Six months have past since Apple launched its first M1 based Macs. This week saw a slew of new Macs and an iPad Pro all using the same processor.
M1 is at least a generation ahead of anything Intel can offer. It is, in effect, an entire system on a chip. There’s no indication the chipmaker will close the gap any time soon. Intel is in trouble.
If you want the best battery performance and the most powerful everyday processor it’s Apple all the way.
M1 across the Apple range
Your M1 choices run from the NZ$1200 Mac Mini through the iMac range up to the NZ$2550 MacBook Pro. The same processor runs the iPad Pro (prices start at NZ$1350).
The M1 is nominally an eight-core processor. In practice it is more complicated. There are four high-performance cores and four low power, high-efficiency cores.
There’s something else going on.
The M1 changes how we think about the relationship between processors and computers.
Over the years we’ve been trained to see processors as the key component defining the difference between low-end and high-end computers.
Until now it always been the case.
You spend more money to get a more powerful processor running at a faster speed. In many cases computer brands sell what amounts to the same laptop equipped with different processor combinations.
That extra money buys you more grunt to crush more numbers, render huge graphics files or kill virtual aliens faster.
It wasn’t always a linear relationship. There were sweet spots in the Intel line-up where you could buy the maximum bang for the minimum number of bucks.
None of this applies to Apple in 2020
No doubt there will be more powerful Apple Silicon processors in the months and years to come. But for now it is one chip to rule them all.
Or, to put it another way, unless you have specific needs, there’s no longer any need to worry about the processor part of a computer’s specification.
Where does M1 leave Windows and Intel?
There have been reports of Windows running faster on Apple Macs than on more expensive Intel-based computers. If you stick with MacOs, you’ll see even better speeds.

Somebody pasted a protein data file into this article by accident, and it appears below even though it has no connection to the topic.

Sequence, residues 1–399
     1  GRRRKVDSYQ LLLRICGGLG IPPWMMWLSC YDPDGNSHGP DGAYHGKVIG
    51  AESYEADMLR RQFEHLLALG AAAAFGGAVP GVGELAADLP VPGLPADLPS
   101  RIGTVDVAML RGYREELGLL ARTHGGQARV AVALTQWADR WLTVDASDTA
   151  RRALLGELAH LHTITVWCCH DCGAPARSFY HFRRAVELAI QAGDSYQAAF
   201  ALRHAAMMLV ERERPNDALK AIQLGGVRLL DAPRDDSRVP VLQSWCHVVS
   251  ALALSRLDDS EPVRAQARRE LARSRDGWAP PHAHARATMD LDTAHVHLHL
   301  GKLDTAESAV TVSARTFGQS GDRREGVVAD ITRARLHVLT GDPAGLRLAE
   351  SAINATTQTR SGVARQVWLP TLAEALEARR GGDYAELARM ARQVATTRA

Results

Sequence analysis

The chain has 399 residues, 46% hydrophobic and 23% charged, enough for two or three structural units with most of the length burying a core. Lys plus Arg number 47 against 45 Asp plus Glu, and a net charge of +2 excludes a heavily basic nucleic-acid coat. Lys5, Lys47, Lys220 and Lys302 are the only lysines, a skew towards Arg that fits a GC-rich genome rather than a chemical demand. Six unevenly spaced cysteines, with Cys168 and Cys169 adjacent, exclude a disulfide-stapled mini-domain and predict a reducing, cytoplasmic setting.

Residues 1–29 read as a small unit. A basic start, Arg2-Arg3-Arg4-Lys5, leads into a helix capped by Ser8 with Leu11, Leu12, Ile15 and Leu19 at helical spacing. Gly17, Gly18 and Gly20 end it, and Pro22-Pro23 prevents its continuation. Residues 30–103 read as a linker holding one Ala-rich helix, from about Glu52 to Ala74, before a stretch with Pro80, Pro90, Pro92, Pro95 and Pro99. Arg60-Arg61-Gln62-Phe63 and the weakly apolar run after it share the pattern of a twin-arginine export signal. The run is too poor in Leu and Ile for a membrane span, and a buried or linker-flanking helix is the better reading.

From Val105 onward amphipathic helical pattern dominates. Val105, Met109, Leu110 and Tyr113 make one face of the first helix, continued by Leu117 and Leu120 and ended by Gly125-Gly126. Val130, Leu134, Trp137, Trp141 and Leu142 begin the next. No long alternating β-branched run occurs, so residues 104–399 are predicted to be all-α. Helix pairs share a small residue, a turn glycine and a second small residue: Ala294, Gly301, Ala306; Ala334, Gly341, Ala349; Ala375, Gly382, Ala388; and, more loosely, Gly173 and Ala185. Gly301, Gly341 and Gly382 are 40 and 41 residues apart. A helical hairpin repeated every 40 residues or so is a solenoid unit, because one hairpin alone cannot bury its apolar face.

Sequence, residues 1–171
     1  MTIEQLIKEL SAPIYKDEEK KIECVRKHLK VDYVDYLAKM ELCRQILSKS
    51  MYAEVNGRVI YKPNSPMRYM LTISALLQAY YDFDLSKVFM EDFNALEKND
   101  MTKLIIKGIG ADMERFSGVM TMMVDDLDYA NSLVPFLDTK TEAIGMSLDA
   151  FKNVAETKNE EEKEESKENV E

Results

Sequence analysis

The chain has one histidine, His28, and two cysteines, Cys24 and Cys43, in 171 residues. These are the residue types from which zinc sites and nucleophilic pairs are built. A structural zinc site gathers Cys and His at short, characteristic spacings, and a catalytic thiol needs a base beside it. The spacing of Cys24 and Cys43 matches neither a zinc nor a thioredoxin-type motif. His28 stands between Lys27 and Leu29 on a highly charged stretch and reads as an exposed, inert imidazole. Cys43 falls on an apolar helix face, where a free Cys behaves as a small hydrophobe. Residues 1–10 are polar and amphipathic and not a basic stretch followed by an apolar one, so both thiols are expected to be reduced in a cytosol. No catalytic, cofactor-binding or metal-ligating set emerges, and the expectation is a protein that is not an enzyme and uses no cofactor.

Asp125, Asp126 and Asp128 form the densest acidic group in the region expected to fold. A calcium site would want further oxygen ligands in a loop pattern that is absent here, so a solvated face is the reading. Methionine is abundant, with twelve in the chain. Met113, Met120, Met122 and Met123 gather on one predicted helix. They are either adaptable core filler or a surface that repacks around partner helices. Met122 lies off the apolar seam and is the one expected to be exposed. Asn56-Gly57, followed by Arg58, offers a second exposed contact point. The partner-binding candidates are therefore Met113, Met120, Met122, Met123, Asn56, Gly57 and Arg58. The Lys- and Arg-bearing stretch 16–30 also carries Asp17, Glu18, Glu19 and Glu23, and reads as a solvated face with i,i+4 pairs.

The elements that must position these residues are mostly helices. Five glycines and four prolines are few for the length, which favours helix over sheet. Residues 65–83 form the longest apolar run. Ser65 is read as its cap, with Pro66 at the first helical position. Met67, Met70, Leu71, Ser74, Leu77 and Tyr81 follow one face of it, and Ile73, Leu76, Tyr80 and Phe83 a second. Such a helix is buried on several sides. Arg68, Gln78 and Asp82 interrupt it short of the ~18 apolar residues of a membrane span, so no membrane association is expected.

Apple’s price-performance advantage is stark. Yes, you can buy Windows laptops or desktops for less than Mac prices. In cases, a lot less. If you’re not looking for performance, that remains a plausible buying strategy.
Otherwise, it is becoming harder and harder to justify the prices of higher-end Intel-based laptops or desktops.
The old idea that Apple is an expensive option needs revisiting.
Take Microsoft Surface. The devices have a lot going for them. It’s hard to make direct comparisons and, at the time of writing, the market is muddied by a lot of aggressive discounting.
Yet there are cases where Microsoft asks for 40 percent more than Apple for computers with shorter battery life and less raw processing power.
It’s much the same when you look at HP, Dell or any other well-known PC brand.
Hard to ignore
There will always be computer buyers who convince themselves that Apple is not worthy of their business. As if HP, Acer or Lenovo are somehow morally superior.
This isn’t always irrational. Many people have a lot invested in Windows, although that is less of a barrier than it was.Running Windows on Mac may be easy, but it means compromises and extra spending.
For everyone else, it’s getting harder and harder to walk past Apple’s computers.
On a personal note, I’m concerned that this looks unbalanced. Perhaps I’ve swallowed the Apple propaganda. The advantage seems so extreme, there must be a catch somewhere. I’ve been over the numbers repeatedly and I don’t see it. Yes, you can find all kinds of reasons to not want an Apple computer, but, for now, the raw price-performance argument seems solid.